The term has often been used, since the 1980s and esp. 1990s, in connection with the presence or absence of so-called victimless crimes, its users in this sense citing the incidence of these to gauge the inherent level of disorder in a society at a particular time. Users of the term in this application — who tend to be political and/or social conservatives — often refer to victimless crimes by the alternate name of "quality-of-life crimes." In conjunction with this, American sociologist James Q. Wilson has articulated what he calls the Broken Window Theory, which asserts that relatively minor problems left unattended (such as public urination by homeless individuals) send a subliminal message that disorder in general is being tolerated, and as a result, more serious crimes will end up being committed (the analogy being that a broken window left unrepaired exudes an image of general dilapidation). Wilson's theories have been expounded by many prominent American mayors, most notably Oscar Goodman in Las Vegas, Richard Riordan in Los Angeles, Rudolph Giuliani (seen as its instigator) in New York City and Gavin Newsom in San Francisco. Their cities have instituted so-called zero tolerance policies, i.e. that do not tolerate even minor crimes. Victimless crime has the following applications: A victimless crime is one in which the victim is the accused. ... Social conservatism is a belief in traditional morality and social mores and the desire to preserve these in present day society, often through civil law or regulation. ... Sociology is the study of the social lives of humans, groups and societies. ... James Q. Wilson (born May 27, 1931) is the Ronald Reagan professor of public policy at Pepperdine University in California, and a professor emeritus at UCLA. He has a Ph. ... Broken windows in the Pruitt-Igoe housing development Fixing Broken Windows: Restoring Order and Reducing Crime in Our Communities by George L. Kelling and Catherine Coles is a criminology book published in 1996, about petty crime and strategies to contain or eliminate it from urban neighbourhoods. ... A homeless man pushes a cart down the street. ... A mayor (from the Latin māior, meaning larger, greater) is the modern title of the highest ranking municipal officer. ... Oscar Baylin Goodman (born on 1939-06-26 in Philadelphia, Pennsylvania) is an attorney and the Mayor of Las Vegas, Nevada. ... For further information, see Las Vegas metropolitan area and Las Vegas Strip. ... Richard J. Riordan (born May 1, 1930) is a Republican politician from California, U.S. who served as the California Secretary of Education from 2003–2005 and as Mayor of Los Angeles from 1993–2001. ... Flag Seal Nickname: City of Angels Location Location within Los Angeles County in the state of California Coordinates , Government State County California Los Angeles County Mayor Antonio Villaraigosa (D) Geographical characteristics Area     City 1,290. ... Rudolph William Louis Rudy Giuliani III, KBE (born May 28, 1944) served as the Mayor of New York City from January 1, 1994 through December 31, 2001. ... New York, New York and NYC redirect here. ... Gavin Christopher Newsom (born October 10, 1967) is the 42nd Mayor of San Francisco, California and a member of the Democratic Party. ... This page is a candidate for speedy deletion. ... Zero tolerance is a strict approach to rule enforcement. ...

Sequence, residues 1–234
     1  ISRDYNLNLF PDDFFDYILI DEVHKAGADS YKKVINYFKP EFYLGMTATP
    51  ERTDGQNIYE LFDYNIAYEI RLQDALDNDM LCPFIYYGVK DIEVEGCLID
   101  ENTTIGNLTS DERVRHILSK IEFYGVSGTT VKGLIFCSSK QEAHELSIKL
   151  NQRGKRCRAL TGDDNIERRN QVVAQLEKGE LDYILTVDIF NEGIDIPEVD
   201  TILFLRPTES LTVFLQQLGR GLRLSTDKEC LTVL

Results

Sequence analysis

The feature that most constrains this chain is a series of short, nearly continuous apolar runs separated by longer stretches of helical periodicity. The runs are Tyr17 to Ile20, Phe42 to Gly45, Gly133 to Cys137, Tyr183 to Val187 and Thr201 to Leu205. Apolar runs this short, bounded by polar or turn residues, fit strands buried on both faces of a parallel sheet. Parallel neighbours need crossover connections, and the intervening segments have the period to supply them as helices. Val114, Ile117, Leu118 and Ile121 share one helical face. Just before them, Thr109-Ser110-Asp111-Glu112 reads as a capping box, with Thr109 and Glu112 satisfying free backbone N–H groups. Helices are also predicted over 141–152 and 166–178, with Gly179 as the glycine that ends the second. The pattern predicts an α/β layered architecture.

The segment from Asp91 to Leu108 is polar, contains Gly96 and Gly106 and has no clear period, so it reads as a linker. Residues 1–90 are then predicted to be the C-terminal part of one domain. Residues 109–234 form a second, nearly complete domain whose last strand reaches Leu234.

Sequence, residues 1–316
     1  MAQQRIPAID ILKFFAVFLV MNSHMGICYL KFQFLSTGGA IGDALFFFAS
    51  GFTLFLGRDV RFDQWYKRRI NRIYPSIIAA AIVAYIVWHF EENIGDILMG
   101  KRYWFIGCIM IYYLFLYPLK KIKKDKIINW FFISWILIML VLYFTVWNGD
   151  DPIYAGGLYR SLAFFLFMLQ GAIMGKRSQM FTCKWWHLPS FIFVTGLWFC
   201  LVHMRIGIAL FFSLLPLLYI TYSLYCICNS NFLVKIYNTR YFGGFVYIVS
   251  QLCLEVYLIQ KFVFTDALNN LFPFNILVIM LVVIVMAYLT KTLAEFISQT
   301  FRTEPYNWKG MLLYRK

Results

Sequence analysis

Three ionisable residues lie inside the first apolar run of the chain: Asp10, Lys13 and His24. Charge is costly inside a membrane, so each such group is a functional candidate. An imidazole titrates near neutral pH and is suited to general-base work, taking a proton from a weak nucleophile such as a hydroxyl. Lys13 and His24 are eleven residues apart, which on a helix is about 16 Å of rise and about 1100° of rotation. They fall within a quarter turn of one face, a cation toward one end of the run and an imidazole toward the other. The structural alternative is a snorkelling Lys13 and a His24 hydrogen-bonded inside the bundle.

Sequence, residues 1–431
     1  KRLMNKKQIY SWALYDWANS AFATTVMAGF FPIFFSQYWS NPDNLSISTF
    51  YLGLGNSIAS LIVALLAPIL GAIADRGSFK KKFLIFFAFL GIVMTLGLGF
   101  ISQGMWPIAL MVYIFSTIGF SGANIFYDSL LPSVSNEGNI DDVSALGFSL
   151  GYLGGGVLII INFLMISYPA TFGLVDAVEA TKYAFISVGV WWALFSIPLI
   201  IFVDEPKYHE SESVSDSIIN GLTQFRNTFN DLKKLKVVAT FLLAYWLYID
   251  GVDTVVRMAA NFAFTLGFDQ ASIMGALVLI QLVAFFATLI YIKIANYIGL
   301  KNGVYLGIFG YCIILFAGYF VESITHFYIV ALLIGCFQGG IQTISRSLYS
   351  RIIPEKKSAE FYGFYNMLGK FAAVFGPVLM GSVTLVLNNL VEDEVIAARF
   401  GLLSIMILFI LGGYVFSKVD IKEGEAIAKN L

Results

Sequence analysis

One attempt to take quality of life more into account in government decisions is the notion of a seventh generation standard, which argues that the effect of any decision today should be judged by its effect in six generations. These measures are often associated in the United States with the proposed Seventh Generation Amendment proposal to the U.S. Constitution, and in Canada with the Canada Well-Being Measurement Act co-authored by Mike Nickerson of the Green Party of Ontario and Joe Jordan, a former Liberal Party of Canada Member of Parliament. This strategy still would be very difficult to implement as predicting the future is never easy. Decision makers seven generations ago in the early mid-nineteenth century would have great difficulty comprehending today's realities. The seventh generation standard is a concept that originates from indigenous North Americans who believed that the decisions of today should take into account the well being of the next seven generations. ... The Common Property Amendment, also known as the Seventh Generation Amendment, is a proposal to amend the United States Constitution to define common property and to ensure such property is protected for public use and the use by future generations. ... Page I of the Constitution of the United States of America Page II of the United States Constitution Page III of the United States Constitution Page IV of the United States Constitution The Syng inkstand, with which the Constitution was signed The Constitution of the United States is the supreme... Canada Well-Being Measures Act was a measure proposed by Member of Parliament Marlene Jennings in 2001. ... The Green Party of Canada is intending to run a full slate of 308 candidates in the 2006 Canadian federal election. ... Joe Louis Jordan (born November 19, 1958 in Pembroke, Ontario) is a Canadian politician. ... The Liberal Party of Canada (French: ), colloquially known as the Grits (originally Clear Grits), is a Canadian federal political party. ... A Member of Parliament, or MP, is a representative elected by the voters to a parliament. ...